That is not a bleeder. It is a special hollow bolt that is an air vent for the axle housing. Yes it holds the T fitting to the axle but otherwise it is not involved with the brakes.Say, that t on the axle has a big ole bleeder that more or less holds the t to the axle. If it doesnt bleed the t, why is it there?
In simple terms, (Not using real numbers). If the total stroke is two inches (1 inch for front, an 1 for rear). If one side is bled (no air), the most stroke you will get is the 1 inch when you open the rear line. Under ideal conditions, the brake pedal will hit the floor just after the total stroke. That way if one end leaks, you still have the full stroke of the other end. So ideally, you should out stroke the master before you hit the floor (ideally, not real world). Also, ideally you are not using the full stroke to bleed the brakes, that way you are not hitting the end of the stroke inside the master.So i understand the front and rear are separated at the master. If the front system is totally closed how could the front "catch" when doing rears and vice-versa? At any rate today or tomorrow im taking the drums off to inspect anyway.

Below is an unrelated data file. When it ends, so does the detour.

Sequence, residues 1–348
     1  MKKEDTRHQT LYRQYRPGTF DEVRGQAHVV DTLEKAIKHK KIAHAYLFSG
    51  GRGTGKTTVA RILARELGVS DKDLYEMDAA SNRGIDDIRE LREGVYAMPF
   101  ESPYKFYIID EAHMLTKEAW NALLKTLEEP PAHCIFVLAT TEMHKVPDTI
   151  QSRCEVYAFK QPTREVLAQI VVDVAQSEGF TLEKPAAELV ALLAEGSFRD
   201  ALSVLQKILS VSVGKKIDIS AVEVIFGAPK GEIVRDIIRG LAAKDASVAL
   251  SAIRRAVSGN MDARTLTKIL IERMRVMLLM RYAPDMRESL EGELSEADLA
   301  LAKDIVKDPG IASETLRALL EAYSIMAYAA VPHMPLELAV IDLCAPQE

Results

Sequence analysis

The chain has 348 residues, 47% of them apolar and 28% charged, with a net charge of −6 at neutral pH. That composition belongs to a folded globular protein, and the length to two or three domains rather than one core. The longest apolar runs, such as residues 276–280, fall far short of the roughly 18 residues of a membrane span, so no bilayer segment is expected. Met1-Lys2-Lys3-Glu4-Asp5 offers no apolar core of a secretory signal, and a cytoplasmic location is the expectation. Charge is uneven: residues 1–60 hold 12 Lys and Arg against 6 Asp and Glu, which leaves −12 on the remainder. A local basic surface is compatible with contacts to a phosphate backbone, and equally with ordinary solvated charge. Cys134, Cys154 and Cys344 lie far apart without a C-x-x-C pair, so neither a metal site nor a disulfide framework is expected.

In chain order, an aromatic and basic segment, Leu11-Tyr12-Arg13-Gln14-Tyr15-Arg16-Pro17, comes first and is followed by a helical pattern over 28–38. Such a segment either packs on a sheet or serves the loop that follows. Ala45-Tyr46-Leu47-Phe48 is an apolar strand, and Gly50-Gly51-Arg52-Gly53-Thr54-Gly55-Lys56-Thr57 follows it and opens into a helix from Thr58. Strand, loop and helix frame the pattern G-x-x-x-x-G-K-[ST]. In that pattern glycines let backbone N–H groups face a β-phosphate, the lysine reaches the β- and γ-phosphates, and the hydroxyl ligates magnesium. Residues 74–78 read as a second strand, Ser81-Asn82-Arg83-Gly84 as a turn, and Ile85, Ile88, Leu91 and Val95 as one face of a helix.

When I do a full brake job, I will use a piece of tubing, and hook it up after I finish a corner, then just leave it open to gravity bleed while I do the next corner, while watching the master level. I go through more brake fluid that way, but it generally needs flushed anyway. By the time I ma done, it generally does not take much bleeding.I made a bleeder out of a mason jar and surgical tubing. Then I go in and pump the brakes until I don't see any more air in the surgical tube.